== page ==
The new Lord Mayor of London, Fiona Woolf, the second woman to hold the honorary post in 800 years, warned the U.K. capital’s financial district it will lose out if more talented women don’t reach the tops of companies.
In a speech to the Mansion House banquet of business people tonight, Woolf argued it makes “good business sense” to question whether there’s enough diversity in the City, as the financial district is known. She said just 6 percent of women hold executive-committee and board positions and businesses risk being left behind “if talent does not get to the top.”
“It makes good business sense to ask the City: Is our talent pool wide enough and deep enough?” Woolf told 700 businessmen and women in an audience that also included Prime Minister David Cameron and the Archbishop of Canterbury, Justin Welby. “There has always been a moral case for diversity and inclusion, but there is also a business case -- and now it is a business imperative.”
Women account for 19 percent of directors of the 100 largest U.K. companies, up from 17.3 percent in April, a survey by Cranfield University School of Management found Nov. 7. In the past six months, 27 percent of appointments to the boards of companies in the FTSE 100 index have gone to women and 30 percent of those in the FTSE 250, according to the report, which has charted women’s progress in boardrooms since 1999.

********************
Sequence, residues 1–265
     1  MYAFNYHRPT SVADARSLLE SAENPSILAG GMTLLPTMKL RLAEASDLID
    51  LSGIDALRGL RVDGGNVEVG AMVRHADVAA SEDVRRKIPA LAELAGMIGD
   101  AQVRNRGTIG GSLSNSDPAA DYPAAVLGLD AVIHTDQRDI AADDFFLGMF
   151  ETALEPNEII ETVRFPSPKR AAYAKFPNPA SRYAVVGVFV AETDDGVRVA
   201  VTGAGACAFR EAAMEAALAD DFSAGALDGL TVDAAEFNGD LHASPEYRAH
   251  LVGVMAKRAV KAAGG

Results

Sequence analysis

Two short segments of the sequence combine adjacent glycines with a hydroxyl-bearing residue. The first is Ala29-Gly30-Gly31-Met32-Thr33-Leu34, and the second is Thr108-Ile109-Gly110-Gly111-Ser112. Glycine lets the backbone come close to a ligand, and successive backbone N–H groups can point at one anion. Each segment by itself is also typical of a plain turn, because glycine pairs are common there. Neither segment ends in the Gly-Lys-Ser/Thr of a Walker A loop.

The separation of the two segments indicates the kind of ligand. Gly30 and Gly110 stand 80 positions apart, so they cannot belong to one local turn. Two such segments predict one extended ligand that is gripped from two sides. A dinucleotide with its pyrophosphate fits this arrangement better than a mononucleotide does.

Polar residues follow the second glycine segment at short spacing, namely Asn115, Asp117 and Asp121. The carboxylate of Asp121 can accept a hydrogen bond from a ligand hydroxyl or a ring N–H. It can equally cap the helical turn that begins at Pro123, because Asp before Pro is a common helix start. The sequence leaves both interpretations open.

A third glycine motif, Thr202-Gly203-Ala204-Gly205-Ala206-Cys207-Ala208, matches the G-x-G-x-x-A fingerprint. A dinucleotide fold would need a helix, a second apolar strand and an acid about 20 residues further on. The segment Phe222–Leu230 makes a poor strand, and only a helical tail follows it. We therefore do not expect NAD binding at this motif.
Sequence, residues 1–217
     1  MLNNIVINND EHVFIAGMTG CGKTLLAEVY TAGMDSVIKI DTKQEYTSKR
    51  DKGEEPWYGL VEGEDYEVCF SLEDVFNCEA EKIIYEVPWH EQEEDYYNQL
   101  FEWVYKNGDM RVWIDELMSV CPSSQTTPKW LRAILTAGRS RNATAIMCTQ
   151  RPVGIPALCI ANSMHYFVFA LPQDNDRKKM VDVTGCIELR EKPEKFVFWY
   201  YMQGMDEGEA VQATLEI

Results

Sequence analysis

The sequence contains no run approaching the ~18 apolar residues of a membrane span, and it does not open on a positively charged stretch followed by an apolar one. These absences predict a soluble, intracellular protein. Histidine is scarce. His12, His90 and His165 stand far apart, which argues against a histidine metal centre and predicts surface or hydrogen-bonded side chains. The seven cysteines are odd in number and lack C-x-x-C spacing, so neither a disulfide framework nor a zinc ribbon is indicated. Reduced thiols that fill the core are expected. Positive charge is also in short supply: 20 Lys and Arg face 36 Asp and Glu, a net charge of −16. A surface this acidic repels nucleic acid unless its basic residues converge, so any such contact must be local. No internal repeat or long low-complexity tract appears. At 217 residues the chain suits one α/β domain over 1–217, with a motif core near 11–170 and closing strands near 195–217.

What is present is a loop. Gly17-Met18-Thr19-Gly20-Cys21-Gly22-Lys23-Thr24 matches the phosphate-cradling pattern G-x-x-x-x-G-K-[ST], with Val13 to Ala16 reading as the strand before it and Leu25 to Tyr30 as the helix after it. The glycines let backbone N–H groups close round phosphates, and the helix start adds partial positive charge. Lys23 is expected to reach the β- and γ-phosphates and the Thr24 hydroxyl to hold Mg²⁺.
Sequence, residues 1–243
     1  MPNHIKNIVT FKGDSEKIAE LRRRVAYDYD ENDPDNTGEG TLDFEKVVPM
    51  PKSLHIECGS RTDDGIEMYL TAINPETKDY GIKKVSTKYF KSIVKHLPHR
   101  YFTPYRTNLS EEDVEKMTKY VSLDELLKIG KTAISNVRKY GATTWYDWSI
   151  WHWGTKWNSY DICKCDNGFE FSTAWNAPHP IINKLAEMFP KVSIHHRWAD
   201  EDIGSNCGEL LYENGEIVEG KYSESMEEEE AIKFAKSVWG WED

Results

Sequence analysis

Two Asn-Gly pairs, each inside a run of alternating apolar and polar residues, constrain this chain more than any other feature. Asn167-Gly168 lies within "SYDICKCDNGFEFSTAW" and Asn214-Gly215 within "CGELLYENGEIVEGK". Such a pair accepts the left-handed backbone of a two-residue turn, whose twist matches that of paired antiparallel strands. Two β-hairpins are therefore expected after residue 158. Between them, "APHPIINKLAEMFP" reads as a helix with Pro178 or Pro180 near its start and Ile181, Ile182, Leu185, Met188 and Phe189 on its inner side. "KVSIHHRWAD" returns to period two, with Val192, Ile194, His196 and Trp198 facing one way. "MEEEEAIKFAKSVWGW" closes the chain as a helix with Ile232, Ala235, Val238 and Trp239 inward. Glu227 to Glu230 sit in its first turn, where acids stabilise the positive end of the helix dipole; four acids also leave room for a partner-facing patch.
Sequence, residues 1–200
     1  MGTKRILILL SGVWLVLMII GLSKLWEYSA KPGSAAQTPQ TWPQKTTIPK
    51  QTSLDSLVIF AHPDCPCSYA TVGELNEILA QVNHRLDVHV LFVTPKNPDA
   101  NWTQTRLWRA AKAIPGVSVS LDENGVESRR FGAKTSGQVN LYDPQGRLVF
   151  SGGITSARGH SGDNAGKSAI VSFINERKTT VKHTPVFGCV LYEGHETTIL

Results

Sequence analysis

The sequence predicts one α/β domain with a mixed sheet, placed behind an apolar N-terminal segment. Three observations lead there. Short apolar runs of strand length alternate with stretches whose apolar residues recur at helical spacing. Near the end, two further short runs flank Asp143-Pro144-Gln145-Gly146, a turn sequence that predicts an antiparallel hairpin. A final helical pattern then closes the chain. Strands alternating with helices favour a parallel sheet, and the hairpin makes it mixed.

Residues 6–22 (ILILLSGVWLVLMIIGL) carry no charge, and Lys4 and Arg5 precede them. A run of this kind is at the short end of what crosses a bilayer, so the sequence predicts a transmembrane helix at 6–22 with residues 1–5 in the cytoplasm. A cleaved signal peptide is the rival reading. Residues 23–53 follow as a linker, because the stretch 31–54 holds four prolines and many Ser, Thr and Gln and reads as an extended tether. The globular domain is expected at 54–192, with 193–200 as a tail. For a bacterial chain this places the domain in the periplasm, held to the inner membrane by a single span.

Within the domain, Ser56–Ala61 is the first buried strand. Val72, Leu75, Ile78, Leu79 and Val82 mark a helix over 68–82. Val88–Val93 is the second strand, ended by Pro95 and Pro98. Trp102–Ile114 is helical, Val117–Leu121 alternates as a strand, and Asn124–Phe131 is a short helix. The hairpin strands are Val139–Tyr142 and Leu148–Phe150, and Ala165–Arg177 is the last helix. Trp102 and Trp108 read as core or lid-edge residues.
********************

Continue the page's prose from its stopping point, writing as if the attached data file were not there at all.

A government-commissioned report in 2011 set a target of 25 percent women on boards by 2015 after the panel that compiled it, led by Mervyn Davies, ex-chairman of Standard Chartered Plc (STAN), ruled out setting quotas for companies.
As the Lord Mayor, Woolf is head of the City of London authority, which covers the financial district. The position, which is held for one year, is unpaid and apolitical. She represents City businesses and helps advise the government on financial services.
To contact the reporter on this story: Kitty Donaldson in London at email@example.com
To contact the editor responsible for this story: James Hertling at firstname.lastname@example.org